Increasing core action completion by 45%

How user feedback helped Obie level up with pageable Slack message attachments

About 2 years ago, the team at set out to build a solution that would connect all of your team knowledge into one place. The not-so-obvious first step was to integrate with Slack. See, we learnt from building a failed product — one that forced customers to adopt yet another tool and yet another destination to find knowledge. Millions of users leverage Slack to communicate and collaborate with their colleagues every single day, so what better than to bring our product experience into that workspace?

Building any startup is difficult, let alone one that is built on Slack. Slack is an amazing platform to build on top of, but quite frankly, it was uncharted territory a few years ago. There weren’t necessarily blog posts or experts sharing best practices. Over time, we’ve learnt so much about building a company on top of Slack. At, we believe rising tides raise all ships, so we try and share our journey when we get the opportunity in hopes it helps others.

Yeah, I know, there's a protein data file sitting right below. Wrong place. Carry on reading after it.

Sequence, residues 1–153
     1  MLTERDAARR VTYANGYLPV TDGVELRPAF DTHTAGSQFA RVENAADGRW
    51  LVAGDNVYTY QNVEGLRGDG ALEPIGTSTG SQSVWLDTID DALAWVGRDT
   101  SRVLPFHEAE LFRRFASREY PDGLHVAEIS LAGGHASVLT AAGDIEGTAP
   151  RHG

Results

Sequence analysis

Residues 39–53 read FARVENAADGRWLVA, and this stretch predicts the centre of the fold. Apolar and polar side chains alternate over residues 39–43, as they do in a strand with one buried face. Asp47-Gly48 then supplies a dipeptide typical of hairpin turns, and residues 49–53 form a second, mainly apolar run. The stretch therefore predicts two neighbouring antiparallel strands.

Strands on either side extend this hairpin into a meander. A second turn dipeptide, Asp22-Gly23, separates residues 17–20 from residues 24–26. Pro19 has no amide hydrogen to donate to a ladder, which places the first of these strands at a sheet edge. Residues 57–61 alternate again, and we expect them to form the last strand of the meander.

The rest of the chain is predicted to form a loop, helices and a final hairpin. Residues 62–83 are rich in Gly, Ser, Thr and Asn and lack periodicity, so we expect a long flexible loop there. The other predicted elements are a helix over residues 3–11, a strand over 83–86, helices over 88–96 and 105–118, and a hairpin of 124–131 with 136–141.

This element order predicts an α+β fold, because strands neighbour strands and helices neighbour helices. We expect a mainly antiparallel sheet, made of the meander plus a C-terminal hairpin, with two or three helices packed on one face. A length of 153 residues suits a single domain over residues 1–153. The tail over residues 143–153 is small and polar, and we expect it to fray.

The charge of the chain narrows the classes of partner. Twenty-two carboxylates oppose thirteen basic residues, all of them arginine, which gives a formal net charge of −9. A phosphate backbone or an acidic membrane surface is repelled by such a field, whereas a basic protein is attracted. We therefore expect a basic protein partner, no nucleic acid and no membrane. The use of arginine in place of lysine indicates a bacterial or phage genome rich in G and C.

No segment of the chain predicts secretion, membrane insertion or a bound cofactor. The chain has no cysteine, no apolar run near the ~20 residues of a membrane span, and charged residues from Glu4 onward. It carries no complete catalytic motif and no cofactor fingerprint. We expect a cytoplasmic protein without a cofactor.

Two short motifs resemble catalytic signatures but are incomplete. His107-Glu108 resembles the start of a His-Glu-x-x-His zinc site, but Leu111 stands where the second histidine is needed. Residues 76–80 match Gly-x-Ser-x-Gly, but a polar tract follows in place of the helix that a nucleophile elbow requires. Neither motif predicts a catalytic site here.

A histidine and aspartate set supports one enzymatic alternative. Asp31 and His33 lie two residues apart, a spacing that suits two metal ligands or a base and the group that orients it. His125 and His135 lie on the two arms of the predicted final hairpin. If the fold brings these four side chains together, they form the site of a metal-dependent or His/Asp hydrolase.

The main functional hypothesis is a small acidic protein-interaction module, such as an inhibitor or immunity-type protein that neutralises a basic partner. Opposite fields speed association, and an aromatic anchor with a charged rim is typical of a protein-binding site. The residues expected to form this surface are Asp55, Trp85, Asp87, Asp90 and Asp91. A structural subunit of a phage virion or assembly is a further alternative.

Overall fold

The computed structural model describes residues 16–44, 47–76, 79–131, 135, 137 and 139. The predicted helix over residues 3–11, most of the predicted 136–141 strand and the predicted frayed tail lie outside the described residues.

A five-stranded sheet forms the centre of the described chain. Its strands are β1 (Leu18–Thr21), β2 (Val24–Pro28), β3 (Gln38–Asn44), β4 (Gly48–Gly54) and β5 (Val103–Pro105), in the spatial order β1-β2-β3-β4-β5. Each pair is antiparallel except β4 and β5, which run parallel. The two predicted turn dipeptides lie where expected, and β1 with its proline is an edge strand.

How Obie works

Obie generally works like this: you install the Slack bot, connect one or more of the many supported integrations like Google Drive, Dropbox, Confluence, or Jira, and then ask Obie questions as needed. For example: “What is the guest wifi password?”, “How do I reset a customer password?”, or by just the keywords like “guest wifi” or “reset password”. Obie will go out to those massive repositories of information and filter through the results, bringing back only the results he deems appropriate. Users are able to influence his appropriateness algorithm by giving a “thumbs up” or “thumbs down” to indicate a result was what they were looking for (or not).

Something we discovered early on was the complexity of a new design pattern: conversational design. We found that our users were not ready to talk to a bot like they would a human. Slack was also going through these hurdles and began introducing buttons and dialogs to assist everyone and make the experience feel a little familiar, i.e. clicking actions with the mouse instead of typing out those actions.

Some challenges arise